Pritz, Sullivan rekindle passion for game

Both Zach Pritz and Zach Sullivan had reached a point in their lives where they felt it was time to leave football behind.

Or so they thought.

Less than a year since graduating from Hernando High, the two friends had a change of heart. Recently, Sullivan signed with Taylor University, a NAIA school in Upland, Ind., while Pritz signed with another NAIA institution, Olivet Nazarene University in Bourbonnais, Ill.

“Me going up there and playing kind of changed his mind,” Sullivan said.

“I think for sure, Sullivan, he did have an influence on me going back,” Pritz said. “He’s been really great pushing me and now we’ll push each other over the summer to get even better.”

Pritz’s initial decision to hang up his spikes wasn’t completely of his own doing. It started when he tore the anterior cruciate ligament in his right knee toward the end of his senior football season.

It robbed him of finishing off a fine prep career on the gridiron. The three-year varsity starter at outside linebacker was a three-time All-County selection. He totaled 215 tackles, 25 for a loss, and 7.5 sacks during his Leopard tenure.

Worse, the injury wiped out almost all of his final wrestling campaign. He was a three-time state qualifier and the Class 1A state runner-up at 171 pounds as a junior, but was limited to eight matches before having to opt for season-ending surgery.

“It was really difficult, especially because I didn’t get to wrestle,” Pritz said. “Wrestling was the peak of my high school career. I grew up wrestling since I was 6. I started playing football in middle school.

“It was pretty difficult, but I grew a ton from it. I started to realize why God allowed that to happen in my life.”

He began to feel like this athletic days were over. He enrolled at Moody Bible Institute in Chicago, which had originally been his fallback option because the school has no football program.

For the first semester he remained home in Brooksville, rehabbing his knee. He then started attending classes this past semester.

Meanwhile, the coach at Olivet, Brian Fish, remained persistent in his attempts to bring Pritz to his team. Pritz paid a visit to the campus in February, and immediately “felt like this was where I was supposed to be.”

Pritz also admired Fish’s passion for the game and molding players into fine young men, qualities that reminded him of his coach at Hernando, John Palmer. He signed soon after, though he had to finish off his semester at Moody.

“It feels really refreshing,” Pritz said of having returned to football. “I’m just grateful for another chance to play.

“I’m only 19. I felt the coach was pursuing me for a reason. I was just praying about it a lot. I realized I’ve got a lot more than football guiding me to that school. I think God is leading me there for a reason I’ll learn later in life.”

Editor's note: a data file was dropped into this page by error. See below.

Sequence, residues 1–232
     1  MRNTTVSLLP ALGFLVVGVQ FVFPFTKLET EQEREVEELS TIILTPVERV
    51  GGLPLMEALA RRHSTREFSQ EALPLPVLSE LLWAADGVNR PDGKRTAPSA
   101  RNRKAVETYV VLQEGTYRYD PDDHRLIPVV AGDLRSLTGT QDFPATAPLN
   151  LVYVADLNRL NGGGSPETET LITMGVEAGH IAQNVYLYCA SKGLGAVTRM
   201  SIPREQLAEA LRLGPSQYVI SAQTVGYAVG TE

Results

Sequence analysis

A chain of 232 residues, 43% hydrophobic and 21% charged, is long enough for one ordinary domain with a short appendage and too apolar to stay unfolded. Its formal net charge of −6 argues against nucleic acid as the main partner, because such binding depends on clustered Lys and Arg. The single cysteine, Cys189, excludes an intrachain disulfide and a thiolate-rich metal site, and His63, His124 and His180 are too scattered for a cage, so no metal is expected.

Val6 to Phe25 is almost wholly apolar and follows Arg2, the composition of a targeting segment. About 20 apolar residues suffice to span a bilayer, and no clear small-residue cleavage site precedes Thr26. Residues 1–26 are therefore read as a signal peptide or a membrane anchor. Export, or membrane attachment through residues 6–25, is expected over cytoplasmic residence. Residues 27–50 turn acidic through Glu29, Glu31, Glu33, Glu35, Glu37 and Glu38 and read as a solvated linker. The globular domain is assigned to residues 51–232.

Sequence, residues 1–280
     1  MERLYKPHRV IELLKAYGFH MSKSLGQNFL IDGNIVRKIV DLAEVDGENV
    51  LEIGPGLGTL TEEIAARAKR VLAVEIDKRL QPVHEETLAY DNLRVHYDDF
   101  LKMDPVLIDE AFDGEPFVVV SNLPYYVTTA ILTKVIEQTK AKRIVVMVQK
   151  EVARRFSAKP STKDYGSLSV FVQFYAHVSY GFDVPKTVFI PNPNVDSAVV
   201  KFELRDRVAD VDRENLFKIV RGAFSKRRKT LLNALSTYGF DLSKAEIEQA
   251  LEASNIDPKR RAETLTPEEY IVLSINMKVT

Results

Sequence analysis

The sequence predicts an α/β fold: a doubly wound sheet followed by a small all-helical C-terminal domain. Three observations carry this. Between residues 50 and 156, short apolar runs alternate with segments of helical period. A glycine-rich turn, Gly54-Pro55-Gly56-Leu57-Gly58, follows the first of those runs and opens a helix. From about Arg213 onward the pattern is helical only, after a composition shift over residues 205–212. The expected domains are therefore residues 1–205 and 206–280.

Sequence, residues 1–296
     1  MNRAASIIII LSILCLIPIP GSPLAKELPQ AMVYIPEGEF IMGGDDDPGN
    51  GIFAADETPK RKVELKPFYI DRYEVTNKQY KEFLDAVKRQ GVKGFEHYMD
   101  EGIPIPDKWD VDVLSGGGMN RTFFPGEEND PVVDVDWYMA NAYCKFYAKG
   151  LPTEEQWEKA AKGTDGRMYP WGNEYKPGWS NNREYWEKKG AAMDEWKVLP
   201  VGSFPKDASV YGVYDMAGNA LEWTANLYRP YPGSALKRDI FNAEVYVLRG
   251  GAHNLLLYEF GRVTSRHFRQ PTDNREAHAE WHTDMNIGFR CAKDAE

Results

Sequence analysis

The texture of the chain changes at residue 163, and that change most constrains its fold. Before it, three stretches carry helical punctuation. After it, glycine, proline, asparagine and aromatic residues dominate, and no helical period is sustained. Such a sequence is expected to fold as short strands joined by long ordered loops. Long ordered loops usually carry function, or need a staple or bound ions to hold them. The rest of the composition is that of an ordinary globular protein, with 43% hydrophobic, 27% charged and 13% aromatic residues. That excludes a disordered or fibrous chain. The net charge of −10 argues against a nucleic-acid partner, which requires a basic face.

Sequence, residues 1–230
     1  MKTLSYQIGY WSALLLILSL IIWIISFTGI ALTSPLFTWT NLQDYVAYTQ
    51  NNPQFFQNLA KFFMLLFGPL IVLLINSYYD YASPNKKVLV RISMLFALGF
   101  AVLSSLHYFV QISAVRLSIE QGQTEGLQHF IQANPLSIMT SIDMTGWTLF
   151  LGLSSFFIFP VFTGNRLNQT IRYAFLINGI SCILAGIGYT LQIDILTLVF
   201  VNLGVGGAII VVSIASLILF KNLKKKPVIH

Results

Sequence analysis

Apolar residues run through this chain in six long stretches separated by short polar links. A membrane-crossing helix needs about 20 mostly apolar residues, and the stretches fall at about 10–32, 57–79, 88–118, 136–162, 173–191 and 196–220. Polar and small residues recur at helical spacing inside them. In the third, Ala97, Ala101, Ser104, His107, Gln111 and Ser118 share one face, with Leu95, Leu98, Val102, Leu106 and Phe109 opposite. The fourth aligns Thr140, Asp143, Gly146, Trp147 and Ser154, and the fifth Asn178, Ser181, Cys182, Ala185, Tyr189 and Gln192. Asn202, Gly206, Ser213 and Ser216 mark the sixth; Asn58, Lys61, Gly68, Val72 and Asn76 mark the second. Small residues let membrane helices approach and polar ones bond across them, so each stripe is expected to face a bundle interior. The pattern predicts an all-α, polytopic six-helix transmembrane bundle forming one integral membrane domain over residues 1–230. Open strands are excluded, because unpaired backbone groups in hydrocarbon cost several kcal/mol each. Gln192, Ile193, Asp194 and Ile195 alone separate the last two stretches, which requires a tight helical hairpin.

In keeping with his faith, Pritz eventually plans to get a master’s in Biblical studies. For now he’s looking to study education and earn a social science degree, as he’d like to eventually coach wrestling and football.

Pritz said his knee is back to 100 percent, and that he’s actually grown stronger physically because of his recovery. He’ll play outside linebacker for the Tigers, just as he did in high school.

“Athletically I feel better than I ever felt before,” Pritz said. “I’m bigger than I’ve ever been, I’m stronger than I’ve ever been. It’ll definitely be a process. College football is a different level. But I see myself coming in the first season and making an impact.”

???When Sullivan took the year off, he did so on his own accord. He had been playing football since age 6.

“I had just gotten done with wrestling,” Sullivan said. “Once I was done with that, I was completely burned out from everything. It was not a good time to make a decision.”

But when he attended some Hernando games this past season, he found he “just missed being out there.” He had been taking classes at Pasco-Hernando Community College in the interim, and had established a connection with Taylor on the suggestion of Pritz’s parents, who graduated from there.

The Trojans were still willing to sign the 2011 All-County selection who led the county with 114 tackles as a senior.

Sullivan, a 19-year-old Brooksville native, said he gained a new appreciation for the sport having left it for a while, and finds himself working even harder to improve.

“If I’m going to do this, I’m going to go all out,” Sullivan said. “I’m not just playing football for my coaches or parents or anything. This is something I want to do.”

Unlike Pritz, he was able to immediately go to Taylor this semester, taking classes while participating in the team’s spring program.

The Trojans have shifted him to the weak side, a difference from his three varsity seasons when he played middle linebacker for the Leopards, starting his final two years.

“I thought all the linebackers were pretty even,” Sullivan said. “They didn’t really give out a depth chart throughout the spring. I think it comes down to whoever works hard this summer. The competition makes us better. It makes us work harder.”

He wants to start and eventually evolve into a leading tackler, an all-conference pick and one of the team leaders. Long term, he’s looking to major in education so he can teach math and coach football.

First, though, he, like his friend Pritz, has a playing career to continue.

“I’m very excited,” Sullivan said. “Getting back in the pads was awesome. Putting on the pads to play in the spring game really made me remember how it was.”

By the numbers: Zach Pritz


So 25 47 72 2.0 1.5 3 3 2 0 1

Jr 35 38 73 12.0 1.5 1 1 4 0 0

Sr 34 36 70 11.0 4.5 1 0 1 0 1

TOTALS 94 121 215 25.0 7.5 5 4 7 0 2

By the numbers: Zach Sullivan


So 4 1 5 0 0 0 0 0 0 0

Jr 18 29 47 14.0 2.0 0 1 0 0 0

Sr 51 63 114 11.0 1.5 3 2 3 0 1

TOTALS 73 93 166 25.0 3.5 3 3 3 0 1

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